(1) the common or trade name for each pesticide used;

(2) the EPA registration number for each pesticide used;

(3) the amount of each pesticide used;

(4) the pest(s) treated for; and

(5) the name and signature of the applicator”

That is all good information to give the producer, but it does not convey any information to the farmer about the remaining obligations they (the farmers) have in regard to the law/label. If it was a corn herbicide, for example, when can grasses/legumes be planted next?  More than one corn herbicide has a plant back restriction of 18 months!  Many farmers do not know that!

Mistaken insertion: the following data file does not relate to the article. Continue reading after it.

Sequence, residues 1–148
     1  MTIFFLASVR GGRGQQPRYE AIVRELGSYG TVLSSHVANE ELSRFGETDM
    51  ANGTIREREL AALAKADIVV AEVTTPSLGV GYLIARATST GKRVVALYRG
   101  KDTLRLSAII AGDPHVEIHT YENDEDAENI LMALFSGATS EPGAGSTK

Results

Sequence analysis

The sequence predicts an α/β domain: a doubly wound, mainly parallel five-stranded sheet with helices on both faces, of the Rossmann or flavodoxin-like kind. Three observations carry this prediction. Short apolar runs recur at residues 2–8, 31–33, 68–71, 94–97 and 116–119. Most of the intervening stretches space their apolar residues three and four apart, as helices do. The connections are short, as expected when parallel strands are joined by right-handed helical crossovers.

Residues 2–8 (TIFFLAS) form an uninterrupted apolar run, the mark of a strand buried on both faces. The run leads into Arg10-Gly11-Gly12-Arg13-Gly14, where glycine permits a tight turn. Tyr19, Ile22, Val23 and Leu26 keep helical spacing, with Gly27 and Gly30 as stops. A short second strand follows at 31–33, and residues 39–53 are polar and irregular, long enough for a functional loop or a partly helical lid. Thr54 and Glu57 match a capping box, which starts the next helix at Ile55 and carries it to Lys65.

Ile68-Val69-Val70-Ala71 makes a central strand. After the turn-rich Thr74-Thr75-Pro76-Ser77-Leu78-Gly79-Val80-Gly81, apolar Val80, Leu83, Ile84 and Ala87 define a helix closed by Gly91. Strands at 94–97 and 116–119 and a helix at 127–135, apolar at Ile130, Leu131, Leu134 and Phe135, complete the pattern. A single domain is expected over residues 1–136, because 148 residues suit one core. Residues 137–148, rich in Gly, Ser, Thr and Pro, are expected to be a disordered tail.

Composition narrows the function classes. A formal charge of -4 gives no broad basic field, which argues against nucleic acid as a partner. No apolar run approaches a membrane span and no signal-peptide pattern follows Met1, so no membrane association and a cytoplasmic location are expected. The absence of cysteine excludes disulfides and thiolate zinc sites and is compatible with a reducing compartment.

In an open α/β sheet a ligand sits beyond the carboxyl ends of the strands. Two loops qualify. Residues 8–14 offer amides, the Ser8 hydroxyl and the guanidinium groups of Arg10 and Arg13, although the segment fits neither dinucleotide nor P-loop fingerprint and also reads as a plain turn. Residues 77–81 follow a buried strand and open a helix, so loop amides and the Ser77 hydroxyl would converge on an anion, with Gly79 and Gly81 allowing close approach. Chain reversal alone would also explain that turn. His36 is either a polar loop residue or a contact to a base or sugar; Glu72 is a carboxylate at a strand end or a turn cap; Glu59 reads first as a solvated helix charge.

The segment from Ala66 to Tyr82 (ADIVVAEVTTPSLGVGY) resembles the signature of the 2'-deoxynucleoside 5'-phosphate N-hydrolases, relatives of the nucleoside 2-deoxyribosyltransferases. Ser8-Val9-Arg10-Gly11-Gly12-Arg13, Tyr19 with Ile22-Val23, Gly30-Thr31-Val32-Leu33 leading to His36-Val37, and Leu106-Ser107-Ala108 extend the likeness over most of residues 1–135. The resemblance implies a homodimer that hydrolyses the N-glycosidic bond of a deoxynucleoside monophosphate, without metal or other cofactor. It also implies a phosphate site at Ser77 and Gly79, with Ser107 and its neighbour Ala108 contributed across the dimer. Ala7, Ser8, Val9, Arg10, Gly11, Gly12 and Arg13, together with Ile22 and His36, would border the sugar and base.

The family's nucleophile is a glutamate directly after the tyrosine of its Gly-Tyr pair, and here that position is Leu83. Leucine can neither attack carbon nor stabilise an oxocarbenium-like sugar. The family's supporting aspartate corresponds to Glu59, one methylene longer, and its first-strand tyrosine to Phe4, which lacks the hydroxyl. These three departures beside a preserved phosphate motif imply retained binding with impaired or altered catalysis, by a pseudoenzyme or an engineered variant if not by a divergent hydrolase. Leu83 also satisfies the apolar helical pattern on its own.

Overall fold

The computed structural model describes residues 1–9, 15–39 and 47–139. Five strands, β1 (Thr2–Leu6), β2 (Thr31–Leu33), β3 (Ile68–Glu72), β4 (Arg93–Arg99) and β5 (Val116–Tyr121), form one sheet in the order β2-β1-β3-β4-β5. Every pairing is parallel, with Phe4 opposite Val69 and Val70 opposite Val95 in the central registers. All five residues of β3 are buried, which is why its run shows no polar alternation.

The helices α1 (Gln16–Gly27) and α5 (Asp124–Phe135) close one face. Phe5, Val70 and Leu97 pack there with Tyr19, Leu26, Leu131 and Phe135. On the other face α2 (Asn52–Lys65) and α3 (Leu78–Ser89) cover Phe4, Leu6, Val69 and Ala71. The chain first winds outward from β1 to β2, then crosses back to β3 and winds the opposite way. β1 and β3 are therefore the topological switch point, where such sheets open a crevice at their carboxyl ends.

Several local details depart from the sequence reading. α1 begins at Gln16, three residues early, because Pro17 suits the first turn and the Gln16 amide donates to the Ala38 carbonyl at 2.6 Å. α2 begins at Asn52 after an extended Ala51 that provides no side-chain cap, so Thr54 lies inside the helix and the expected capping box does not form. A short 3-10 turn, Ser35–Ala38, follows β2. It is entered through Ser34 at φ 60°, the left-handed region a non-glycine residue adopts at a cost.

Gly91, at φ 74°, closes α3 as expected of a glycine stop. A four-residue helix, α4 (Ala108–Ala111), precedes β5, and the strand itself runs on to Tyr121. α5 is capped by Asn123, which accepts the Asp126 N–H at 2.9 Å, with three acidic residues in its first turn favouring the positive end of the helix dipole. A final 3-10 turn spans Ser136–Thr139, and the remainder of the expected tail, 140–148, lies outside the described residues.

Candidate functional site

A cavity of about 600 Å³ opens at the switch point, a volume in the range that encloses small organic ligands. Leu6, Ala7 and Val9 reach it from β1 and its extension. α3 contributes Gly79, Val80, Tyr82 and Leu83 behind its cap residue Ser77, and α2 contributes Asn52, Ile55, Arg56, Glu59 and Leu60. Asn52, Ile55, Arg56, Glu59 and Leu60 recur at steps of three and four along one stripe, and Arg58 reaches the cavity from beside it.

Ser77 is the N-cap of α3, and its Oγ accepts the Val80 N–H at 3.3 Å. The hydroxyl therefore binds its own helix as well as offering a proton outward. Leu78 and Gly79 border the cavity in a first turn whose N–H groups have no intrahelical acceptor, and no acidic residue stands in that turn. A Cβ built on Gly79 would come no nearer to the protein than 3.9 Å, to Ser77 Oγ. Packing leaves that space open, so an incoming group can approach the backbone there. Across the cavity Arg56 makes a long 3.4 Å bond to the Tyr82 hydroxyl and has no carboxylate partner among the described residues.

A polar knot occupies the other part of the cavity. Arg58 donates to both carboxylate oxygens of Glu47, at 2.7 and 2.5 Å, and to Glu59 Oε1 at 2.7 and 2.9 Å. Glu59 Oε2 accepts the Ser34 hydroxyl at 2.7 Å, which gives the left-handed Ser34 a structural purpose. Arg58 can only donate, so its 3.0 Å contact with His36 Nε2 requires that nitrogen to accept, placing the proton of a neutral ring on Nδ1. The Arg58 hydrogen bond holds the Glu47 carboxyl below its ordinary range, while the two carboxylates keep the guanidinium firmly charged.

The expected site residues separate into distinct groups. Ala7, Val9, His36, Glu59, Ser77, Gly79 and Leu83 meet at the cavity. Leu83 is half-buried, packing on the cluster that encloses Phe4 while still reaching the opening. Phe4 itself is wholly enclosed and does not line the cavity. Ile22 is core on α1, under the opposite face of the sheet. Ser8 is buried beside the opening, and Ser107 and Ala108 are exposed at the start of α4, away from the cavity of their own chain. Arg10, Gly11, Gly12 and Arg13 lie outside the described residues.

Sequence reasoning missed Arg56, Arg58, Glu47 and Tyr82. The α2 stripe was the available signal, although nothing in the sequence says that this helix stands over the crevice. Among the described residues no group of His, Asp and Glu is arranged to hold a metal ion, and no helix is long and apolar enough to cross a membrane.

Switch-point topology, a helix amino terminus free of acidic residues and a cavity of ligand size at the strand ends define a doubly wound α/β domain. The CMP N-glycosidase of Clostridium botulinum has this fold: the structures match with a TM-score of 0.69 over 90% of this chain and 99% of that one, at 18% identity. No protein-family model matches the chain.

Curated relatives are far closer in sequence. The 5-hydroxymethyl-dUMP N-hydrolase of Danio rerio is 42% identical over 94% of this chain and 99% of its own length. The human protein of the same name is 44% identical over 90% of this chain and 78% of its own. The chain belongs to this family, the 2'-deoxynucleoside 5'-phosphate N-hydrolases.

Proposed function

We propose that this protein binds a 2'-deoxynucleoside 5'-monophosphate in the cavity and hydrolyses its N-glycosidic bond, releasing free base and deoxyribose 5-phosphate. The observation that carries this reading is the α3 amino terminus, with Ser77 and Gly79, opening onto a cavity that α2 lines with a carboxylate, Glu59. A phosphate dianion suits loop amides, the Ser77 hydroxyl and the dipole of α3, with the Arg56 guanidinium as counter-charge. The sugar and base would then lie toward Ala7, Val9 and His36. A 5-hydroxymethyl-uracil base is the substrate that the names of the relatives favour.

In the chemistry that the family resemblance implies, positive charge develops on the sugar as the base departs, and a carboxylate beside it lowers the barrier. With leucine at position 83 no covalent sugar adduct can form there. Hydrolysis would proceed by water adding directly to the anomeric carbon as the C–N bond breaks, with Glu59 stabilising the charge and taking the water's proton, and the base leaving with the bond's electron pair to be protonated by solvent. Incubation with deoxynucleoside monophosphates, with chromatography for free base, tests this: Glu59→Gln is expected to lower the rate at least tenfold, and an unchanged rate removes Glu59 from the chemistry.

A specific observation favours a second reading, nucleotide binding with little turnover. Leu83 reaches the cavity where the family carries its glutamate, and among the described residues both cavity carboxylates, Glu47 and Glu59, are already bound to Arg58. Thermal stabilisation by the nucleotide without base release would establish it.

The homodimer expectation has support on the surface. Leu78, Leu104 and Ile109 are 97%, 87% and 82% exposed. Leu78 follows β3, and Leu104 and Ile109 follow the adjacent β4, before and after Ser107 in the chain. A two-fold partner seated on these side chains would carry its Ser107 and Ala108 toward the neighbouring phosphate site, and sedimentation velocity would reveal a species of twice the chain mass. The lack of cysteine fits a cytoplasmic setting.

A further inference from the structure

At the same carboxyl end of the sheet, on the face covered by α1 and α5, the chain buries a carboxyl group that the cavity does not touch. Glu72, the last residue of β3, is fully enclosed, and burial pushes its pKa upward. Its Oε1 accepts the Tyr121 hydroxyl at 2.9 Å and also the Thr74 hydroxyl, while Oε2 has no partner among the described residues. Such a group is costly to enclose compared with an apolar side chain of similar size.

Because the label is the law, it must be followed absolutely literally even with regard to cover crops.  The Vermont Agency of Agriculture has latitude to reasonably interpret Federal law with regard to language on labels.  When the label states that particular cover crops or specific crops for rotation may be used, or limits when those crops may be planted after application of the herbicide, those restrictions must be followed. However, the Agency has stated that a cover crop being grown in the plant back restriction is compliant with the label restrictions if 1) the farmer/manager accepts the risk that residual herbicides will kill or injure it; and 2) the cover crop is treated as a ‘green manure’ (i.e., it will not be fed to livestock and generally has the purpose of improving the soil). If a cover crop was planted in violation of the label rotational restrictions, it cannot be harvested for feed no matter how beautiful it is, how much it is worth, or how urgently someone needs the feed.